Rang Ghar, a pavilion built by Pramatta Singha (also Sunenpha; 1744–1751) in Ahom capital Rongpur, now Sibsagar; the Rang Ghar
Rang Ghar
is one of the earliest pavilions of outdoor stadia in South Asia.

The expansion was so large and so rapid that the Ahomization process could not keep pace and the Ahoms became a minority in their kingdom. This resulted in a change in the character of the kingdom and it became multi-ethnic and inclusive. Hindu influences, which were first felt under Bamuni Konwar at the end of the 14th century, became significant. The Assamese language
Assamese language
entered the Ahom court and co-existed with the Tai language
Tai language
for some time in the 17th century before finally replacing it.[7] The rapid expansion of the state was accompanied by the installation of a new high office, the Borpatrogohain, at par with the other two high offices and not without opposition from them. Two special offices, the Sadiakhowa Gohain and the Marangikowa Gohain were created to oversee the regions won over from the Chutiya and the Kachari kingdoms respectively. The subjects of the kingdom were organized under the Paik system, initially based on the phoid or kinship relations, which formed the militia. The kingdom came under attack from Turkic and Afghan rulers of Bengal, but it withstood them. On one occasion, the Ahoms under Ton Kham Borgohain[8] pursued the invaders and reached the Karatoya river,[9] and the Ahoms began to see themselves as the rightful heir of the erstwhile Kamarupa
kingdom.[10] The Ahom kingdom
Ahom kingdom
took many features of its mature form under Pratap Singha (1603–1641). The Paik system was reorganized under the professional khel system, replacing the kinship based phoid system. Under the same king, the offices of the Borphukan, and the Borbarua were established along with other smaller offices. No more major restructuring of the state structure was attempted till the end of the kingdom. The kingdom came under repeated Mughal attacks in the 17th century, and on one occasion in 1662, the Mughals under Mir Jumla occupied the capital, Garhgaon. The Mughals were unable to keep it, and in at the end of the Battle of Saraighat, the Ahoms not only fended off a major Mughal invasion, but extended their boundaries west, up to the Manas river. Following a period of confusion, the kingdom got itself the last set of kings, the Tungkhungia kings, established by Gadadhar Singha. The rule of Tungkhungia kings was marked by peace and achievements in the Arts and engineering constructions. The later phase of the rule was also marked by increasing social conflicts, leading to the Moamoria rebellion. The rebels were able to capture and maintain power at the capital Rangpur for some years, but were finally removed with the help of the British under Captain Welsh. The following repression led to a large depopulation due to emigration as well as execution, but the conflicts were never resolved. A much weakened kingdom fell to repeated Burmese attacks and finally after the Treaty of Yandabo in 1826, the control of the kingdom passed into British hands. Ahom economic system The Ahom kingdom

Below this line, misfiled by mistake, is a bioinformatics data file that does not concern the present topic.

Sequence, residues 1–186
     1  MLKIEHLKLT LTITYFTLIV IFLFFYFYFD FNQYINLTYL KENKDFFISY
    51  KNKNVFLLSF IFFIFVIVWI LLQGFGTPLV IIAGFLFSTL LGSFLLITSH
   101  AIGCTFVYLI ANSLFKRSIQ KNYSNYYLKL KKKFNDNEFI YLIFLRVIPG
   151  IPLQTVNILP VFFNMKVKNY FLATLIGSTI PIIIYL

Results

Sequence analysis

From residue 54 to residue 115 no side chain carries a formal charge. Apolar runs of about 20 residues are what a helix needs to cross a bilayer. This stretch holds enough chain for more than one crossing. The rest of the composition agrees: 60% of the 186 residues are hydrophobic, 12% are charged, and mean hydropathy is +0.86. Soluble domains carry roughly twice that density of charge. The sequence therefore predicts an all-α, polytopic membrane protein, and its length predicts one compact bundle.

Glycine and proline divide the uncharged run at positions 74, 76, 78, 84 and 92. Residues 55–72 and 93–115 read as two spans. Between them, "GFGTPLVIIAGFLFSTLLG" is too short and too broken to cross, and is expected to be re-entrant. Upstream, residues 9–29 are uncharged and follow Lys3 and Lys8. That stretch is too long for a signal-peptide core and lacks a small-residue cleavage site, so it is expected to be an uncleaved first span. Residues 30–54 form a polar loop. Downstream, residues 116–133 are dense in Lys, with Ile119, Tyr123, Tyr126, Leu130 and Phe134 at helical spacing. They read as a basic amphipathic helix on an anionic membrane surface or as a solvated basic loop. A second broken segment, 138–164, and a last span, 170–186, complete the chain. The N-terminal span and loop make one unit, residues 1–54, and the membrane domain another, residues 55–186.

Ahom kingdom
was based on the Paik system, a type of corvee labor that is neither feudal nor Asiatic. The first coins were introduced by Suklenmung
in the 16th century, though the system of personal service under the Paik system persisted. In the 17th century when the Ahom kingdom expanded to include erstwhile Koch and Mughal areas, it came into contact with their revenue systems and adapted accordingly. Ahom administration Main articles: Swargadeo, Burhagohain, Borgohain, Borpatrogohain, Borbarua, and Borphukan Swargadeo
and Patra Mantris The Ahom kingdom
Ahom kingdom
was ruled by a king, called Swargadeo
(Ahom language: Chao-Pha), who had to be a descendant of the first king Sukaphaa. Succession was generally by primogeniture but occasionally the great Gohains (Dangarias) could elect another descendant of Sukaphaa
from a different line or even depose an enthroned one. Dangarias: Sukaphaa
had two great Gohains to aid him in administration: Burhagohain and the Borgohain. In the 1280s, they were given independent territories, they were veritable sovereigns in their given territories called bilat or rajya. The Burhagohain's territory was between Sadiya and Gerelua river in the north bank of the Brahmaputra
river and the Borgohain's territory was to the west up to the Burai river.[11] They were given total command over the paiks that they controlled. These positions were generally filled from specific families. Princes who were eligible for the position of Swargadeo
were not considered for these positions and vice versa. In the 16th century Suhungmung
added a third Gohain, Borpatrogohain. The Borpatrogohain's territory was located between the territories of the other two Gohains. Royal officers: Pratap Singha
Pratap Singha
added two offices, Borbarua and Borphukan, that were directly under the king. The Borbarua, who acted as the military as well as the judicial head, was in command of the region east of Kaliabor not under the command of the Dangarias. He could use only a section of the paiks at his command for his personal use (as opposed to the Dangariyas), the rest rendering service to the Ahom state. The Borphukan was in military and civil command over the region west of Kaliabor, and acted as the Swargadeo's viceroy in the west. Borbaruas were mostly from different Kachari communities, while Borphukans were from the Chutia community. Patra Mantris: The five positions constituted the patra mantris (council of ministers). From the time of Supimphaa